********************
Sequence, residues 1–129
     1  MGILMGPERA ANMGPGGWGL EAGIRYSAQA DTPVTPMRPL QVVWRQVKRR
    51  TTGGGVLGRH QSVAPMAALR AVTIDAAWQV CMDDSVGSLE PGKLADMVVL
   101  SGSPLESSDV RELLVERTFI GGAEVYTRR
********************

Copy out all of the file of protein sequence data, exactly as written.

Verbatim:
Sequence, residues 1–129
     1  MGILMGPERA ANMGPGGWGL EAGIRYSAQA DTPVTPMRPL QVVWRQVKRR
    51  TTGGGVLGRH QSVAPMAALR AVTIDAAWQV CMDDSVGSLE PGKLADMVVL
   101  SGSPLESSDV RELLVERTFI GGAEVYTRR